• Network with other supportive teachers in your school. 
  • Talk with your principal and local board of education about including LGBTQ+ content in the curriculum. 
  • Look up the publisher of the curriculum materials you use in your classroom and see if you can contact them to request that they include LGBTQ+ content.
By following these tips, you can ensure not only that your classroom teaches LGBTQ+ stories, but also that those stories affirm and teach students about themselves and others.

Diversity in the Classroom, Part 1

  As society moves toward greater understanding and acceptance of diversity, many teachers are faced with a challenge: how can I include more diversity in my classroom? This Diversity in the Classroom blog series examines some historically marginalized groups and provides guidance on telling their stories and histories in the classroom. Today’s post focuses on including people of color in your curriculum. Our world has hundreds of different cultures, but white or European cultures receive a disproportionate amount of attention. To remedy this, it’s important to include more people of color in the books you assign and the historical figures you highlight. There are so many non-white cultures. How can I include books from all of them? You likely can’t in a single school year, but you can ensure that a certain number of books come from non-white cultures. A 50/50 split at minimum is a great place to start. If you have less flexibility in changing the curriculum, find short stories or other supplementary materials that relate to the books you have to teach. The demographics of your students might help you decide which cultures to focus on. If you know you’ll have Asian students in your class, choose books by authors of different Asian heritages. Before the school year begins, invite all of your students’ families to tell you about their heritages so you have time to find books. Encourage families to name multiple heritages. At the same time, do not expect that the experiences of your students of color will be exactly the same as those of the characters in the books you choose. Create a safe space for your students of color to share their own experiences if they choose, but make sure you don’t position them as “experts” on the text or experiences. Where can I find books/authors from non-white cultures? Many resources exist to help you find great books about people of color.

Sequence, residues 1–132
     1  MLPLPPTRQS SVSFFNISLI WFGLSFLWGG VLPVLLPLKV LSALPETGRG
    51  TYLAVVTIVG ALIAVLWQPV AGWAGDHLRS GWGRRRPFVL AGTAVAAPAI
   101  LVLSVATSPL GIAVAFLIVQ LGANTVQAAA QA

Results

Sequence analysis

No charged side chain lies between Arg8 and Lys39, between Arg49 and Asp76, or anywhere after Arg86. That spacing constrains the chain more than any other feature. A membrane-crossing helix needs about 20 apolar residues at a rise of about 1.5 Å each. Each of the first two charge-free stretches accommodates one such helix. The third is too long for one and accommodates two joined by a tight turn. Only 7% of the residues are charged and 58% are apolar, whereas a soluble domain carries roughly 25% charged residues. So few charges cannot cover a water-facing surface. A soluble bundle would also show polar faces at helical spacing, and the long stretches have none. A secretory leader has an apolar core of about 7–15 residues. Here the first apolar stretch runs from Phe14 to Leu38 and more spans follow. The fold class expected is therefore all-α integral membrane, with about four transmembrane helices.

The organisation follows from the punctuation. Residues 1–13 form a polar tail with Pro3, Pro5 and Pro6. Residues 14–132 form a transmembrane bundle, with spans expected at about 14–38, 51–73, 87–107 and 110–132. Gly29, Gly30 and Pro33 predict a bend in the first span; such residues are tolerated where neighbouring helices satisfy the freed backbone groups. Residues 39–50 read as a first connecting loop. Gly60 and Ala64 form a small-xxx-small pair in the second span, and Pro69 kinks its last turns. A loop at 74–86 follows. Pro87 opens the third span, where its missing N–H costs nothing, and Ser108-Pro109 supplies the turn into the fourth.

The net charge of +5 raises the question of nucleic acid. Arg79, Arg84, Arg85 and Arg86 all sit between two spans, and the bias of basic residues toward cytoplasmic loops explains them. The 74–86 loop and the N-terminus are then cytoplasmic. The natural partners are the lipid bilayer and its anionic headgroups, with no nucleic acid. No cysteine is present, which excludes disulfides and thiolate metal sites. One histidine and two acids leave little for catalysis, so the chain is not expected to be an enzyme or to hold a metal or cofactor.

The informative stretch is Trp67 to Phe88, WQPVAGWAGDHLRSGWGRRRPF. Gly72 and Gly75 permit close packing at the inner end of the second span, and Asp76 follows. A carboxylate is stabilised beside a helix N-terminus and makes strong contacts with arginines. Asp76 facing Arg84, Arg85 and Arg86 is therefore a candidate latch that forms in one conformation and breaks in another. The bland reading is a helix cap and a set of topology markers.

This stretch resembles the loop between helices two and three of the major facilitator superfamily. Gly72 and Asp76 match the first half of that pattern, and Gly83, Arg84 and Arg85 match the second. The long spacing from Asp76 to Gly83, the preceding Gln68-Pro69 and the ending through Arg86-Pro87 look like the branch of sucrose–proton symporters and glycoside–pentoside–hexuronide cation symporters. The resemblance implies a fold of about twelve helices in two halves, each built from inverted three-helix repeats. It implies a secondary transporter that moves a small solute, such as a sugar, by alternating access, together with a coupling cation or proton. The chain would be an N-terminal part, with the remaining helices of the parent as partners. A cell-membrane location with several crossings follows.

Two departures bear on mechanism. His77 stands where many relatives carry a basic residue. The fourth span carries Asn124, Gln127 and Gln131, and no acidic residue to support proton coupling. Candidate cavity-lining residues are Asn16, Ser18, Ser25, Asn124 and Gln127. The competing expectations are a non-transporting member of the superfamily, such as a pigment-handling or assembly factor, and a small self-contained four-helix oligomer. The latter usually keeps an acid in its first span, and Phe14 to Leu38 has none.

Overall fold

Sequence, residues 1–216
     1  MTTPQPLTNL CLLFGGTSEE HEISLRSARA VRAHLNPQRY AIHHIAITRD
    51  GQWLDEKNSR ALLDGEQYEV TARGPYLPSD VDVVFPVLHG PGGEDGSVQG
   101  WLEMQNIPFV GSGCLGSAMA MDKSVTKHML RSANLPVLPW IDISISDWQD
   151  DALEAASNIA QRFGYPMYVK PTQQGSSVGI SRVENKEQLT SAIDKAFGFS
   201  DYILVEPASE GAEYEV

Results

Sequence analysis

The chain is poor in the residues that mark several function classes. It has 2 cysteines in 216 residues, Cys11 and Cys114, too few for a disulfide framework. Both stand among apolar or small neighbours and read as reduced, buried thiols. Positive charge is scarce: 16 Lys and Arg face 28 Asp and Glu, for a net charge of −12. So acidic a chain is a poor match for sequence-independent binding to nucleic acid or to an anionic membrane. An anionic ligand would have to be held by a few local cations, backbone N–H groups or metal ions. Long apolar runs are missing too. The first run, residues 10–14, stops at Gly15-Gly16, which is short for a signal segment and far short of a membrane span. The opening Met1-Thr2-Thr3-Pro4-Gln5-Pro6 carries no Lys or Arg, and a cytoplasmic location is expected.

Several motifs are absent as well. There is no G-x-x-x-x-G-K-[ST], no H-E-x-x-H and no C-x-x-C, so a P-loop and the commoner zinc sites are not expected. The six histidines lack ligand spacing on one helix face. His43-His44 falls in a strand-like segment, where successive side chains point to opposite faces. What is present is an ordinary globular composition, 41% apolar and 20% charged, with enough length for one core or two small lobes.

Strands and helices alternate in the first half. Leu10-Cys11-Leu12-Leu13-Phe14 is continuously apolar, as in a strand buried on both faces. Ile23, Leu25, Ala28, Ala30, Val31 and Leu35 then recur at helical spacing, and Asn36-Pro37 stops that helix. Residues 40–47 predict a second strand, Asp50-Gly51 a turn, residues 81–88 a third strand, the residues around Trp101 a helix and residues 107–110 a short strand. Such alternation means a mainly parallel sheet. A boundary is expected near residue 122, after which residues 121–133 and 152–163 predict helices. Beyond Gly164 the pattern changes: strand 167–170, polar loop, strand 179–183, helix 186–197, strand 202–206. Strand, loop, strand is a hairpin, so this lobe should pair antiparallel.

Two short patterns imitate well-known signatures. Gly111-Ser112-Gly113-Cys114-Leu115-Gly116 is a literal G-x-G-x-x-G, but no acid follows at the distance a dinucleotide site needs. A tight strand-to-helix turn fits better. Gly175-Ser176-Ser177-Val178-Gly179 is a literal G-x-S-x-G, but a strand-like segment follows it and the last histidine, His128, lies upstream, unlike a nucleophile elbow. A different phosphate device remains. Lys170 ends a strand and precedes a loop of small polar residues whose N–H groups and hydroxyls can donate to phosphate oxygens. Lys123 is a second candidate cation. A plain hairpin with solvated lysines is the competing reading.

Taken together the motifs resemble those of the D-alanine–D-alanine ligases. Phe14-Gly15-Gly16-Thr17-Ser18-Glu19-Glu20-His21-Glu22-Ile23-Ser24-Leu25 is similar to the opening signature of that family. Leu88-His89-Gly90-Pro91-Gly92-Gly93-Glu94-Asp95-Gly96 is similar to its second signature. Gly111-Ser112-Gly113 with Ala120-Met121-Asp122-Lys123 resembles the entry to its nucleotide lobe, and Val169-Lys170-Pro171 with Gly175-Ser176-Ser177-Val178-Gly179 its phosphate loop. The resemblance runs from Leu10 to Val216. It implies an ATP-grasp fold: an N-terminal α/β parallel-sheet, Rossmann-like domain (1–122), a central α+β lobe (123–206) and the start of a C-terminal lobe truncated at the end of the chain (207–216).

• Your school or local library can help you find books by and about people of color. If they don’t have a specific book, you can request it so they know there is demand for these books.